Another orphaned baby rhino arrives at HESC after her mother is poached


On Sunday 24 April, we took in yet another new orphaned baby rhino. This was hardly two weeks following the arrival of baby Nhlanhla. This baby rhino, named Olivia, is the second orphaned female rhino to be brought to the centre after Philippa.

This baby’s mother was savagely mauled by poachers, and she was found next to her mother’s carcass. As is the case with many poached rhinos, the mother’s horn had been brutally hacked off.


The game farm manager found Olivia and her dead mother early on Sunday morning, and called Dr Peter Rogers to come and dart the little one so that forensic tests could be conducted on the dead rhino. Dr Rogers called the case in, and the heavily sedated young animal arrived with his team later that same morning.


Olivia is approximately 2 to 3 months old and weighs 141 kilograms (about the same as Balu’s current weight, the youngest of the rhino bulls in our care). Our new rhino cow is in her own boma – she needs the space in order to calm down, as she was extremely traumatised and very thin on her arrival.


Our curator, Linri, has not left the little one’s side. She had not taken the bottle, due to trauma and heavy sedation, up until the morning of 25 April at 05:00 when she drank approximately 200ml of milk for the first time. She battled somewhat, as she was used to her mother feeding her and not to the teat of the bottle. She first chewed on it, instead of suckling.

Having gotten some much-needed rest the second night with us, the baby seemed slightly more relaxed the following day and even stood up when it was feeding time. By Monday afternoon on 25 April, she seemed to have grasped exactly how to suckle on the artificial teat and drank a full 1.4 litres! This is great as she can only gain in strength and vitality if she keeps this up.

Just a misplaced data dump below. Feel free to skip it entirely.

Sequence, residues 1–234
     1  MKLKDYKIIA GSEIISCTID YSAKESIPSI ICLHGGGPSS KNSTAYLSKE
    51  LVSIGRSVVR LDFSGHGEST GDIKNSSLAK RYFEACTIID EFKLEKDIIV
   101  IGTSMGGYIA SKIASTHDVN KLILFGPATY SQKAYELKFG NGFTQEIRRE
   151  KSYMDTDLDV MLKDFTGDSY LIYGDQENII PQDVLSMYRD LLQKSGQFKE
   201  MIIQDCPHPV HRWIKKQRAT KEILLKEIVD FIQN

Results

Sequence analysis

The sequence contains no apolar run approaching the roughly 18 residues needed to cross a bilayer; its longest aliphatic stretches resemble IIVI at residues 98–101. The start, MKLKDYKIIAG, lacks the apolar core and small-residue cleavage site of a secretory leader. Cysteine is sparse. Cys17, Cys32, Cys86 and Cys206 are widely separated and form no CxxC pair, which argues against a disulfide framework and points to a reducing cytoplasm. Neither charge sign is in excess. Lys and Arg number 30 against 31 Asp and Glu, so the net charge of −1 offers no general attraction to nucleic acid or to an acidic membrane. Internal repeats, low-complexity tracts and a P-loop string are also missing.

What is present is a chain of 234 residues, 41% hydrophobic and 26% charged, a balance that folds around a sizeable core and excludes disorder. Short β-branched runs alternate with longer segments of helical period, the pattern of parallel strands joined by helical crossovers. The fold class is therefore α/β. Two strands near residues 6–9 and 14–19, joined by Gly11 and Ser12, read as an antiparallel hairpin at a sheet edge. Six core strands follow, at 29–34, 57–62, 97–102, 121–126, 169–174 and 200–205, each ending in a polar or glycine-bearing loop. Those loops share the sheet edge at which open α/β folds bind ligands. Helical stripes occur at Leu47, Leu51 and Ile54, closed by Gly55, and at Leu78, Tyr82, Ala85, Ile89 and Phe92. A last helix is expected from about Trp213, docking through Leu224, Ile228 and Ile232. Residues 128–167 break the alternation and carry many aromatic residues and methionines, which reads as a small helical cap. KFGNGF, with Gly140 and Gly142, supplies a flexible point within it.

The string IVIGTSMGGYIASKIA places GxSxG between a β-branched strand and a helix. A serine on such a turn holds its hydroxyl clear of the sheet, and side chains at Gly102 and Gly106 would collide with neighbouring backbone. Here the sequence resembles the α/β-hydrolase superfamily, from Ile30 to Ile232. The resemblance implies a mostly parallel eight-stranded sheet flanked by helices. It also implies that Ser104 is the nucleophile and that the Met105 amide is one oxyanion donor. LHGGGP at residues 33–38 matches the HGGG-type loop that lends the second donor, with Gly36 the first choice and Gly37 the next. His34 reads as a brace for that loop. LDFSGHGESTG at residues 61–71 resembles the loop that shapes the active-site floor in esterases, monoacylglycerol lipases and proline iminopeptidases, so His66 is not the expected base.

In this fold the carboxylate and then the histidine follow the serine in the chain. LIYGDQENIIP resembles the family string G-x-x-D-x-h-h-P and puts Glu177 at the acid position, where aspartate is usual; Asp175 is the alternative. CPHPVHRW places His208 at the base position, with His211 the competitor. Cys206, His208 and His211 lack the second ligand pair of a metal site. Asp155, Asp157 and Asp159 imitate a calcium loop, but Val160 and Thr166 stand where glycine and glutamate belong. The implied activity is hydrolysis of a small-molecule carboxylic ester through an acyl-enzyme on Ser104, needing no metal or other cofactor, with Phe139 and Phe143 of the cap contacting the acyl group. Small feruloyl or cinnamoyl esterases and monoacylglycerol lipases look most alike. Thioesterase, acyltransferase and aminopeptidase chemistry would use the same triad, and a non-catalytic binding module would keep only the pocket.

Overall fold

Over the days there’s been a big improvement as Olivia has now taken to her bottle with gusto. We’ve had to increase her milk intake to 1.7 litres per feed.


It is disheartening that many game farms are selling their rhinos, due to the huge security threat and financial costs to protect them. The families and workers on these reserves are also placed at risk because of the ruthlessness of the poachers who will do whatever it takes to reach their targets.


We pray that little Olivia will pull through. We will keep you updated on her progress. And yet again, we request that anyone who can and would like to make a donation towards the rhinos in the Rescued Rhinos @ HESC sanctuary visits our online portal. Alternatively go to PayPal click on ‘send’, add the WCT email address, choose the amount you’d like to contribute and click ‘continue’.

Yours in conservation,

The HESC Team

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